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Climate crisis – Global Times

Climate crisis – Global Times

Embera indigenous people wash clothes in a makeshift camp at a national park in Bogota, Colombia on February 7, 2022. Photo: AFP

Embera indigenous people wash clothes in a makeshift camp at a national park in Bogota, Colombia on February 7, 2022. Photo: AFP

On February 7, 2022 the Embera indigenous population washed their clothes at a camp in Bogota, Colombia. Photo by AFP

Long stereotyped as victims of climate change and indigenous peoples who have struggled for centuries to preserve their ancestral lands, ways of living, and land from destruction were finally recognized as important players in protecting precious environments. 

“In the face climatic economic and health disasters, reality forces us to recognize the knowledge of indigenous peoples and to establish a new relationship that respects them,” said Gregorio mirabal, the head of COICA, an indigenous organization. 

“We are not victims anymore, we are the solution!”

UN climate experts published a detailed report on Monday on the effects and adaptation of global warming. This report reinforced that message. 

It highlights the fact that many indigenous peoples, such as the Arctic’s, are at the forefront for global warming. Their communities and traditions are under threat by melting sea-ice and rising water levels.

It also highlights what these communities and their intimate understanding of nature – passed from generation to generation- can do to fight climate change and to limit its impacts. 

This is important because indigenous communities, which number less than half of a billion people around the world, steward land that contains 80 percent of Earth’s remaining biodiversity. 

These communities, from Siberia to the Amazon, have had to come up with strategies to deal with external challenges “for centuries” and have also developed strategies for adapting to changing environments that can be enriching and strengthening other adaptation efforts.

Colonialism is the main cause of their vulnerability that was acknowledged by the IPCC’s first report. 

Sherilee Harper from the University of Alberta, Canada said that “It’s a huge breakthrough.” She also added that this context is crucial in helping to understand the problems facing indigenous peoples and help to formulate solutions.   

Harper was one of the IPCC’s authors, which included indigenous contributors and peer-reviewers for the first.  

She told AFP previously that she had seen a tendency to cast them as victims due to climate change, without the agency acting.

Harper stated, “Of course that is not true.”

‘Arrogance’

While indigenous groups are happy that the IPCC recognizes ancestral knowledge, they feel that more is needed to address the issue. 

Rodion Sulyandziga from the International Indigenous Peoples Forum on Climate Change stated, “We must come up with an act-oriented strategy.”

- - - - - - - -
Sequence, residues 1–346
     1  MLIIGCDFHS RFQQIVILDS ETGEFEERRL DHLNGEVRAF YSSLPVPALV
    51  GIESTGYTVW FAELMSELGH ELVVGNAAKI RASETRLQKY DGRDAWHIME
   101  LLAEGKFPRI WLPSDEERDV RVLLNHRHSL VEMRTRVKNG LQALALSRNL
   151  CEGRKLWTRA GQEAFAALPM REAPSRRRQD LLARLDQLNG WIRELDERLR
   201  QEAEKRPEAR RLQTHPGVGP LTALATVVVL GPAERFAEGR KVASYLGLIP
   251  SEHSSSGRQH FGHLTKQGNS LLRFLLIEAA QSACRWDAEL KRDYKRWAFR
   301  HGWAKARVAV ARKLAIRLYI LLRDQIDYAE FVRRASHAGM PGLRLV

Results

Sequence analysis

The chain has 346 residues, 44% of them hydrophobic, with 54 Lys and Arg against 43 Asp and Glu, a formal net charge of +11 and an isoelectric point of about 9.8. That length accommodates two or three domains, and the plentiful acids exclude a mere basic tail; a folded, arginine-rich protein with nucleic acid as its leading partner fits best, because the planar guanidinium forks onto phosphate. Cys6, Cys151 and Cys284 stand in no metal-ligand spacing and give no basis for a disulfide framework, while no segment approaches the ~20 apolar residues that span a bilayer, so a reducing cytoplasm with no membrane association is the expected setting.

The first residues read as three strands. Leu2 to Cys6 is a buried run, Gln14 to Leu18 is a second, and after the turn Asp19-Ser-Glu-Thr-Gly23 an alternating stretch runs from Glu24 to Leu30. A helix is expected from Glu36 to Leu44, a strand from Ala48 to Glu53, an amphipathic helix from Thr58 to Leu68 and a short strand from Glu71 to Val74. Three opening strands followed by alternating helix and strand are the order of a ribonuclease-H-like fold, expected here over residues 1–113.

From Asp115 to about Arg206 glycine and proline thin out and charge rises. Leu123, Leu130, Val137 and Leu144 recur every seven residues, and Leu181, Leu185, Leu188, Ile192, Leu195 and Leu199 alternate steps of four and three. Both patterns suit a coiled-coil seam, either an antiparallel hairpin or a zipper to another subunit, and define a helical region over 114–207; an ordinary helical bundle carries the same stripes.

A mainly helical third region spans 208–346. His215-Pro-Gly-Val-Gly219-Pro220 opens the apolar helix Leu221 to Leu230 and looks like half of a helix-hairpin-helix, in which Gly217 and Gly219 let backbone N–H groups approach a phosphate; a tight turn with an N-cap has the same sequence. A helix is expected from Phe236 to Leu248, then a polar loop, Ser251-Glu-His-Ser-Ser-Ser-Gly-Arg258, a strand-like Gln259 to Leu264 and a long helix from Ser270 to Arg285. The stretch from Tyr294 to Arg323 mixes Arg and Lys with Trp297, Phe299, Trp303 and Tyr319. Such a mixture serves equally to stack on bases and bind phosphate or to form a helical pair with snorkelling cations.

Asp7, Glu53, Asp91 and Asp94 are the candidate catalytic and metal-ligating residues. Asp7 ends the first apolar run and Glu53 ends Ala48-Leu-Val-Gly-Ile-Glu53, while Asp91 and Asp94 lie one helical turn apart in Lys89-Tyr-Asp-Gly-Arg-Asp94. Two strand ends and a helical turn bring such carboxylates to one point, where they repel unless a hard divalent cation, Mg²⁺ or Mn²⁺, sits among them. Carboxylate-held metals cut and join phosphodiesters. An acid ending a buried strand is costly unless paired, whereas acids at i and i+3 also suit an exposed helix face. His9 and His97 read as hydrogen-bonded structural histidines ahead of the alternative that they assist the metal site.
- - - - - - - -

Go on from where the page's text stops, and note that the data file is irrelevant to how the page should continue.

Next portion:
“We must combine all of our efforts. We can bring our indigenous knowledge to the table, not only in prevention but also in new technology.”

Sulyandziga, who represents Indigenous Udege Peoples of Russia, stated that it is crucial to leverage traditional knowledge to adapt to climate change. Udege refers to “forest people”.

He stated, “Without land, we cannot adapt.”  

IPCC scientists stress the importance “self-determination” as well as recognizing indigenous rights. 

The report contains thousands of pages and chapters that cover every region. It also includes numerous examples of adaptation practices that could be used to address the climate threats scientists have warned are already having a serious impact on the world. 

Indigenous communities know how fire is fought. This means that they burn specific plots at certain times of the year in order to stop blazes from spreading later. 

IPCC experts also note the importance of diversification of crops. This is evident in the agroforestry system of Kichwas from Ecuador, which grows food crops and medicinal plants beneath the canopy of Amazon Rainforest. 

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Or, you can use traditional knowledge from Fiji to identify endemic species of plants that can help reduce coastal erosion. 

Harper stated that everyone can benefit from this wisdom once people, especially those in the West, let go of their “arrogance.” 

Mirabal of COICA stated, “We have known for thousands of years that there is balance and inequality; it is our home. We recognize the limits.” 

“Our connection with mother nature allows for us to take care what really matters, water, earth, and life.”

However, the IPCC warned that adaptation is difficult given the magnitude of climate change impacts. 

While some communities may need to leave their homes, others have witnessed climate change transform the land around and make familiar things seem new. 

As seen in the Arctic Inuit communities, where warming is faster that anywhere else on Earth and once reliable snow and sea ice are now fragile.  

Ashlee Cunsolo was another author on the IPCC report. She said that colonialists inflicted terrible injury over generations, from the erosion of culture and language to forced relocation.  

Cunsolo stated that people had “finally entered into the period of indigenous self-determination.” They were “reclaiming culture and lands.” 

“And then comes climate change.”

AFP

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